At last Dreyfus is officially and judicially vindicated, a court having formally found, declared and decreed what had long been established as a matter of fact and what everybody knew. The plot against Dreyfus and his punishment on charges only known by the officials to have been false constitute about as dark a page of history as any country has furnished in modern times. And except for the efforts of one man, Emile Zola, Dreyfus might yet be a prisoner on that horrible rock, Devil’s Island. With sublime courage and unfaltering energy, Zola took up the persecuted and banished man’s case; he wrote and spoke with such urgency, insistency and audacity that the whole world was aroused and the official conspirators of France were compelled to act. They brought Dreyfus back and went through the form of a trial, and to save their own reputation as much as possible again found Dreyfus guilty, but he was at once pardoned and set at liberty. But this was not all he wanted; he wanted the record changed and his innocence officially declared, and this has now been done. The tool of the marplots, Estherhazy, escaped punishment, but not only he, but men far above him, some of them since dead, will ever be held in contempt and abhorrence by all lovers of truth and justice. Dreyfus appears not to be brilliant or admirable person, but he was entirely guiltless of the act of treason with which he was charged and this the record now shows.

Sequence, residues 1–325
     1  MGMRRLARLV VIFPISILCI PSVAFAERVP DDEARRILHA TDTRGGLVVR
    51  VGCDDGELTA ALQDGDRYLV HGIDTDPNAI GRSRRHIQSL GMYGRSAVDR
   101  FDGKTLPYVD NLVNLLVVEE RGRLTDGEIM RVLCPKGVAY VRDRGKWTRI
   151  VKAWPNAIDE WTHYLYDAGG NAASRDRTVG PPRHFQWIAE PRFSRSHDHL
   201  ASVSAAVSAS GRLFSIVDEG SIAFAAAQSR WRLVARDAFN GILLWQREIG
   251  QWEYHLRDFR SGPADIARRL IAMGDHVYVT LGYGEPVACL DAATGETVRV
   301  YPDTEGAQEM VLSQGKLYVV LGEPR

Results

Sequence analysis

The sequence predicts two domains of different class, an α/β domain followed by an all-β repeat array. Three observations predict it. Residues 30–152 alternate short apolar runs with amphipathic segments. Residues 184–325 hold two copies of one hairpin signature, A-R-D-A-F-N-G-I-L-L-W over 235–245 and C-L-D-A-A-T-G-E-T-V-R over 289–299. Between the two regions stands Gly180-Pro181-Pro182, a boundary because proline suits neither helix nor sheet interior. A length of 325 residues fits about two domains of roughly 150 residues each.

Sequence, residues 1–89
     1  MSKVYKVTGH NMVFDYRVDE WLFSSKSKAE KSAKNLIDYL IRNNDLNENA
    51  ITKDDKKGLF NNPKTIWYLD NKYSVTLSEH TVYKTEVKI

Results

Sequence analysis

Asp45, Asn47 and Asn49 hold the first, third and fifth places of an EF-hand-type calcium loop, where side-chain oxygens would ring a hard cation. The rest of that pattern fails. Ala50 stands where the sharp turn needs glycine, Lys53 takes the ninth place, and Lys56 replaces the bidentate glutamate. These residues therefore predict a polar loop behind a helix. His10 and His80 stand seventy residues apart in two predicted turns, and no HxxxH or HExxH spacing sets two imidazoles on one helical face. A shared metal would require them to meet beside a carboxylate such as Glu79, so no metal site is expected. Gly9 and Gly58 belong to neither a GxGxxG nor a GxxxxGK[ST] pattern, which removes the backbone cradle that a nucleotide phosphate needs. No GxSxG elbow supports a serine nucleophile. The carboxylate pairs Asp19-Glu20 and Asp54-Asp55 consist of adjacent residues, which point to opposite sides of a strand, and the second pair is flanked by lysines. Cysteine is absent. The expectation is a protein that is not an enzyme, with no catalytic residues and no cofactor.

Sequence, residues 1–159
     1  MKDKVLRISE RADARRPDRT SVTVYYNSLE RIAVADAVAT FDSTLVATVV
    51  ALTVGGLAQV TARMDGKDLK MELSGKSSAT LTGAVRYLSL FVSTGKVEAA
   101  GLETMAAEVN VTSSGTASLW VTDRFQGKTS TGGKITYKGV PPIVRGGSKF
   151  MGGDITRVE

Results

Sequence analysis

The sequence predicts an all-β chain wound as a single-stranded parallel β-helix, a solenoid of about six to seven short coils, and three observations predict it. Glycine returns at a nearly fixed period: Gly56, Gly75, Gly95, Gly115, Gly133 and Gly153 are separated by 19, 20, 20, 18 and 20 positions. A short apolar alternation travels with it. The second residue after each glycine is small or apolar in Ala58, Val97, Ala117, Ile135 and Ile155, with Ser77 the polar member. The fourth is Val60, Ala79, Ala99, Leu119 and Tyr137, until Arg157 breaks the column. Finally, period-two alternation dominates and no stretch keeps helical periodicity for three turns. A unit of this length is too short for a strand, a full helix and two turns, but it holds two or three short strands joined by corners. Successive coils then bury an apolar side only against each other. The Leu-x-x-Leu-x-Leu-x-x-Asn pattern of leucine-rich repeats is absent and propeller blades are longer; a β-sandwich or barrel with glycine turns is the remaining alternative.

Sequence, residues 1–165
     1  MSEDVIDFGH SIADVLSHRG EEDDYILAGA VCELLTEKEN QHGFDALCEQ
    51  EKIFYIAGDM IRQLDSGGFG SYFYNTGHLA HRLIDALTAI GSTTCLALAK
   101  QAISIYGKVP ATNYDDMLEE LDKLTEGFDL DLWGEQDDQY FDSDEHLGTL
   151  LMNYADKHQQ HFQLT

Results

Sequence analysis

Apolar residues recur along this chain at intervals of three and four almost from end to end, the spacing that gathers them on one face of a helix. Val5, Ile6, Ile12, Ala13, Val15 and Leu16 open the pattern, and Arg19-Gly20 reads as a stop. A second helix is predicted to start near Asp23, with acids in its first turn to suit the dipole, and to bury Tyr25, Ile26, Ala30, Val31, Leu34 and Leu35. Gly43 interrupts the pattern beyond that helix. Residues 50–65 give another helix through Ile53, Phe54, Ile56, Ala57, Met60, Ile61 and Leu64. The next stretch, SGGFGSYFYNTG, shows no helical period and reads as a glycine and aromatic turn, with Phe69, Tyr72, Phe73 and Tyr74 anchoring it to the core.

-- Whenever you feel that it is getting too warm for you in Portland, take a look at the story of the California thermometers, and keep cool. what we are enjoying is really overcoat weather compared to what they are having in the golden state, where joy is unconfined when the mercury falls below 106 degrees.


-- Mrs. Hartje, or some other woman who was in love with Coachman Tom Madine, gave him considerable good advice, such as to bather often, keep his hair clear of horse-dust, and change his socks every day. She loved the coachman all right, but she wanted him clean.


-- Even the warmest advocates of Holy Rollerism do not appear to regard its post mortem pleasures as among the inestimable joys of death. Their idea of adequate punishment for heinous offenses is a swift removal from this vale of tears.


-- We haven’t been wishing Seattle or King county any bad luck, yet are quite willing that the Creffield-Mitchell tragedies happened over there instead of Portland. we have enough troubles of our own.


--The late “Joshua” Creffield certainly succeeded during his brief career in starting a train or much mischief and misery, and the end is not yet.


-- The people of Linn and Lane counties have a warm personal interest in the statement of a noted physician to the effect that beer is very heating (sic).


--The remarkable thing about the Dreyfus case is that even while the unfortunate man was most severely punished, no one believed him guilty.


-- In trying and acquitting her murderers Seattle is paying an uncommonly high price for a reputation that no city will seek to take from her


-- Handwriting experts can easily find that Mrs. Hartje wrote the letters, and then other experts can be hired to find that she didn’t.


-- Great men begin enterprises because they think them great, and fools because they think them easy-- Vanvenargues



Oregon Daily Journal (Portland) 7/13/1906

Worked at Oregon City

Esther Mitchell Was Employed at Woolen Mills, Where Check Awaits Her.


(Special Dispatch to The Journal)


Oregon City, July 13.-- Esther Mitchell, who shot and killed her brother, George Mitchell, the slayer of Joshua Creffield, in Seattle yesterday afternoon, worked in the woolen mills here for a short time and left just about the time the apostle of Holy Rollerism was killed. The girl did not secure her pay, and David Adelstein, superintendent of the tailoring department, now has a check payable to the demented girl.